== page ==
The Legacy of Abraham Maslow

Born 1 April, 1908 in Brooklyn, New York Abraham Maslow studied hard and became interested in psychology. He worked with Harry Harlow observing baby Rhesus monkeys and attachment behavior.

From his observations he noticed that some needs took priority over others. At this moment, your need for air and water are satisfied. Other needs such as the need to achieve is directing your behavior. Let your need for water go unsatisfied then your thirst will become a preoccupation. Deprive yourself of air and you will momentarily forget your thirst.

From these examples, the particular needs that motivate our behavior depend on which needs are unmet. Abraham Maslow proposed one possible ‘hierarchy of needs’ and believed that we are not prompted to satisfy our higher level needs until our more fundamental, lower level needs are met.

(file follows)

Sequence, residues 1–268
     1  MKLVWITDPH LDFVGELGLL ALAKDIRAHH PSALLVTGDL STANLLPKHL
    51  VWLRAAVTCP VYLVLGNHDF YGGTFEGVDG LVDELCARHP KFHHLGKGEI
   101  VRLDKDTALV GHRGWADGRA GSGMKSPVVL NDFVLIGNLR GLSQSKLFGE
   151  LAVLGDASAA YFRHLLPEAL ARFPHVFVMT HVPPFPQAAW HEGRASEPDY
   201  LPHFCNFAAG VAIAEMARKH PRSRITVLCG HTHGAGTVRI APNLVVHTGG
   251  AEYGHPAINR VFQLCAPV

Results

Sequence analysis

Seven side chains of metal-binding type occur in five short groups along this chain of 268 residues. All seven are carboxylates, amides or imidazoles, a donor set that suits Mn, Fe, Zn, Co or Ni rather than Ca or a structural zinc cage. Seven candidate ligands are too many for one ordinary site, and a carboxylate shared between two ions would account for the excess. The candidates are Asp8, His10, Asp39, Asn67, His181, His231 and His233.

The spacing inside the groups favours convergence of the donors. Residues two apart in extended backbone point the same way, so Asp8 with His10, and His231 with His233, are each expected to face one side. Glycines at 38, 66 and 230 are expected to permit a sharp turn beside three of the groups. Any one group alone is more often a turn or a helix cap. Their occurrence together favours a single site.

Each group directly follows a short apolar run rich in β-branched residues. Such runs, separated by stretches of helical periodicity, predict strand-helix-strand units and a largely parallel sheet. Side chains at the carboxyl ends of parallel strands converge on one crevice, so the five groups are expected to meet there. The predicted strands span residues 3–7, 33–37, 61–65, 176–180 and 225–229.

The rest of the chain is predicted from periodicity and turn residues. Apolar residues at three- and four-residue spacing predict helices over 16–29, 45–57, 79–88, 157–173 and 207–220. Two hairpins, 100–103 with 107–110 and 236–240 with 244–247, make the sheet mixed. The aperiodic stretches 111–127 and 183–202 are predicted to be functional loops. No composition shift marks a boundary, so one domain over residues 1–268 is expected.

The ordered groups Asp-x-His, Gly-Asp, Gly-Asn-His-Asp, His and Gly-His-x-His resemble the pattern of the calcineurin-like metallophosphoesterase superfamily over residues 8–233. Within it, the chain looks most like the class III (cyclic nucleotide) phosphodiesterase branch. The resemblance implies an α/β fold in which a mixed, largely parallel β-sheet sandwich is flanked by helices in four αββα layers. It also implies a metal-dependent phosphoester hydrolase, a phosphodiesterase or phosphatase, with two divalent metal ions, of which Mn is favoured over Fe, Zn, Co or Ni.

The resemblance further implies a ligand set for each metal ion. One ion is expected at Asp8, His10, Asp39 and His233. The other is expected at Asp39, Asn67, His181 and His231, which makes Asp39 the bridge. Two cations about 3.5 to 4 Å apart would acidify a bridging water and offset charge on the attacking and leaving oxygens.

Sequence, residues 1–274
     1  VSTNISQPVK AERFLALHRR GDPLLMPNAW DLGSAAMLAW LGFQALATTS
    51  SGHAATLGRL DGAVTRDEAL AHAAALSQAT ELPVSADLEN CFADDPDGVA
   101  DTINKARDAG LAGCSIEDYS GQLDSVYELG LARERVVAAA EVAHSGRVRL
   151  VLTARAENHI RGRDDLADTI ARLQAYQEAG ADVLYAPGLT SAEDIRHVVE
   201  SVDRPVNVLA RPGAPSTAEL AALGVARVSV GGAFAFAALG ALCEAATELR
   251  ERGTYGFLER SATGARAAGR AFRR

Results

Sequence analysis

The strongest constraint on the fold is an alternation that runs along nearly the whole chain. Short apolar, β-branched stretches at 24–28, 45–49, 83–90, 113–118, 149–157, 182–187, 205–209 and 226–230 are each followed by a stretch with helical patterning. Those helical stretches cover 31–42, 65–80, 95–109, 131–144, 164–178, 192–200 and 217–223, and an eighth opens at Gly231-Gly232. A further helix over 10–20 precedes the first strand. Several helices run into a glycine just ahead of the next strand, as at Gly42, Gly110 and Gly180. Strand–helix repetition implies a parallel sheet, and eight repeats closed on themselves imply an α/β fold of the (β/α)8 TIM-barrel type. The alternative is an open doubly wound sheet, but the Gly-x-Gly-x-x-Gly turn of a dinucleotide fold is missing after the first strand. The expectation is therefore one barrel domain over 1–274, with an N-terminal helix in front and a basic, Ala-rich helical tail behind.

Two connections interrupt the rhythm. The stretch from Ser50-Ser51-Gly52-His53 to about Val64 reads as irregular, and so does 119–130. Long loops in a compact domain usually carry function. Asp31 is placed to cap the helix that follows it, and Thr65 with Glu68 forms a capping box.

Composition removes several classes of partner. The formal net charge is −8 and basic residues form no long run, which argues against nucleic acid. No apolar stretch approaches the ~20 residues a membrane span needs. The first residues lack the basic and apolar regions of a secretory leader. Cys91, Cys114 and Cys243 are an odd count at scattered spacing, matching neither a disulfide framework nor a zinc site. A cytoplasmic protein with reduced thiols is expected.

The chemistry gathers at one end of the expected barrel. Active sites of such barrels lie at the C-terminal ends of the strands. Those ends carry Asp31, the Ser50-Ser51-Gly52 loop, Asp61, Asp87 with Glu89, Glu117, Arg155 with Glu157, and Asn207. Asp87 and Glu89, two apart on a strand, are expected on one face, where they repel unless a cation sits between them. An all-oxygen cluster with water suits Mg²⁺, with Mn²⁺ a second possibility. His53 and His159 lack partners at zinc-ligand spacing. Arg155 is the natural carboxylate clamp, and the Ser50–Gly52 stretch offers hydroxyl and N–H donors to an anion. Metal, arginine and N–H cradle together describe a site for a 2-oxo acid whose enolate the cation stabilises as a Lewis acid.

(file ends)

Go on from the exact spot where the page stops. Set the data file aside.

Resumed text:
At the base of which are our Physiological needs – need to satisfy hunger, thirst and shelter. If these needs are met then people are prompted to meet their need for safety – need to feel that the world is organized and predictable; need to feel safe, secure and stable. Once these basic needs are met you can have your Psychological needs met – the need to love and be loved, to belong and be accepted: need to avoid loneliness and alienation then enjoy the Esteem needs – need for self-esteem, to achieve, to be competent and independent; need for recognition and respect from others.

Beyond this lie the highest order needs – Self-actualization needs – the need to live up to ones fullest and unique potential and achieve a spiritual perspective that transcends ordinary experience.

For Maslow a central feature of personality is one’s self-concept. If our self-concept is positive, we tend to act in the world positively. If it is negative, falling short of our ideal self we feel dissatisfied and unhappy and are unable to fulfill one’s potential of becoming the self one is capable of becoming.

A real goal for us is to help all individuals know, accept and be true to themselves.